Since the courts are moving towards pre-nuptial agreements, what advice should I give couples about the vows they will make? Will the words “all that I am I give to you, and all that I have I share with you” nullify the agreement? Or are they empty words in the light of a written agreement?
The most important words in the marriage are probably, “I . . . take you . . . to be my wife/husband . . . till death us do part.” A pre-nuptial agreement does not come into effect unless and until there is a divorce. In that situation, the concept of a life-long union has failed, and the wedding vows are worthless.
The problem for the priest advising a couple who have a pre-nuptial agreement is that it recognises in advance that “till death us do part” may not actually happen, and thus it brings the validity of the marriage vow into question from the very start. None the less, every couple entering marriage, with or without a pre-nuptial agreement, will insist that they have the immediate intention of a life-long union in which possessions are truly shared.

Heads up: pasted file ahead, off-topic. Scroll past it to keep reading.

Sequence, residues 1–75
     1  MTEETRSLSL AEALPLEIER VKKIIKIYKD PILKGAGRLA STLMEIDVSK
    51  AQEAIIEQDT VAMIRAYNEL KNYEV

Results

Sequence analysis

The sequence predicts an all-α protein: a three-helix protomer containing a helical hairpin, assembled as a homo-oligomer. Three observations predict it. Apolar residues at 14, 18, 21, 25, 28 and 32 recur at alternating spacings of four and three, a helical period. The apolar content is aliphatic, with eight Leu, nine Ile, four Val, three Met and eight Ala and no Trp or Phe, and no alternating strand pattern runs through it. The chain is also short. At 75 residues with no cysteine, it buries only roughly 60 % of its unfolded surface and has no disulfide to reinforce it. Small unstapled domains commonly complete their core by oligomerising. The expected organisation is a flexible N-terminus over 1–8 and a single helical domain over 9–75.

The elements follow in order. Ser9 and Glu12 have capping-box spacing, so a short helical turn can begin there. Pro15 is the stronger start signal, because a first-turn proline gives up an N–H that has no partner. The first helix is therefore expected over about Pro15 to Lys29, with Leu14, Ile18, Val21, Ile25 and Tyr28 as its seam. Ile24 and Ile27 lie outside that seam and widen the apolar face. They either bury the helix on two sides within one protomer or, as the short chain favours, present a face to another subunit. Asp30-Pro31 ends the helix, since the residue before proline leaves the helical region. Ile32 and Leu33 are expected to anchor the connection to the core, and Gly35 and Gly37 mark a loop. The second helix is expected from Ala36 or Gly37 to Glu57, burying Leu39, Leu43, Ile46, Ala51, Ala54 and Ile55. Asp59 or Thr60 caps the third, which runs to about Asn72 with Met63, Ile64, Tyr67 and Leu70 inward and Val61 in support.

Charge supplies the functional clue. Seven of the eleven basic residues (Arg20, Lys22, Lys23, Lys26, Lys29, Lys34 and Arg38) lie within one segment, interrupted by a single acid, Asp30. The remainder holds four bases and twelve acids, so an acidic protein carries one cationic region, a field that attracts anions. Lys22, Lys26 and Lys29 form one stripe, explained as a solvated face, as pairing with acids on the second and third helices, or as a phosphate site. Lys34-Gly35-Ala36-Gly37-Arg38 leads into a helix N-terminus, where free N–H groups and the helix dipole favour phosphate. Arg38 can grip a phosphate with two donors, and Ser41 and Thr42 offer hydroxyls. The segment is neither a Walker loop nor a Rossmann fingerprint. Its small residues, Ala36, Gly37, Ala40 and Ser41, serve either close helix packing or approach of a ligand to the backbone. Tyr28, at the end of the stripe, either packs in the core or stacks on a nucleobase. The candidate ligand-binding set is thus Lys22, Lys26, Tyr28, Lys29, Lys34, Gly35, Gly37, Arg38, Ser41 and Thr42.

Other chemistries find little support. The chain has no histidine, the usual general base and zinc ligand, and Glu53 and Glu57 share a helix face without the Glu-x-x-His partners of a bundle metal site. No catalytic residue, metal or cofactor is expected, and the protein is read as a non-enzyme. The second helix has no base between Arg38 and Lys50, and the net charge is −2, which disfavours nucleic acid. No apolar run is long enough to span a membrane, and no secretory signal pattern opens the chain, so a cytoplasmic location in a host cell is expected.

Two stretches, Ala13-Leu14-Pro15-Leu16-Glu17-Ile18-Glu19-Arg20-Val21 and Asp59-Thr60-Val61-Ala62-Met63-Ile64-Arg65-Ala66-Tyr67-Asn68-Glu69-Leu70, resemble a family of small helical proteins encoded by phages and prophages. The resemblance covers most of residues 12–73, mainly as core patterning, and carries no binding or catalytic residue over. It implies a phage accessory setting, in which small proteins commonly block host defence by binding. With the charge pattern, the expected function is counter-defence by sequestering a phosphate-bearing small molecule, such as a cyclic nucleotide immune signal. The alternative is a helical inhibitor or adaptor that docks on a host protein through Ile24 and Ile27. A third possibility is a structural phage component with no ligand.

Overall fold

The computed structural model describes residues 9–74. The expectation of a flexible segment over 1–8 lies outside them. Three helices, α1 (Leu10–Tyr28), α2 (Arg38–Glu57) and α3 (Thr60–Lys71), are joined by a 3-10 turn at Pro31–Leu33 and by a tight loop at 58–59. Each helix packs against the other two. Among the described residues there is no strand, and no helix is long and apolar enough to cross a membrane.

Even so, it ignores marriage as a sacrament, and assumes that it is merely a civil contract made in a sacred setting. A couple who believe in marriage’s sacramental nature will not contemplate a pre-nuptial agreement, because divorce is not theologically possible.
Usually the last agreement, written or oral, would be taken to be legally binding. The problem with oral agreements is that they can easily be disputed, but a wedding vow made with predetermined wording in the presence of many witnesses is pretty solid. But I presume that any solicitor worth his salt will have worded the pre-nuptial agreement so that, when a divorce takes place, it is not invalidated by any oral vow made in the interim.
A pre-nuptial agreement recognises the reality of divorce, without in any way prejudicing the intention of the couple to marry “till death us do part”. There is no reason why the agreement should not actually say this.
Christopher Haffner (Reader)
East Molesey, Surrey
Is it appropriate for the celebrant to wear (fingerless?) gloves in a cold church. If so, what are the most appropriate material and colour?
J. H. D.
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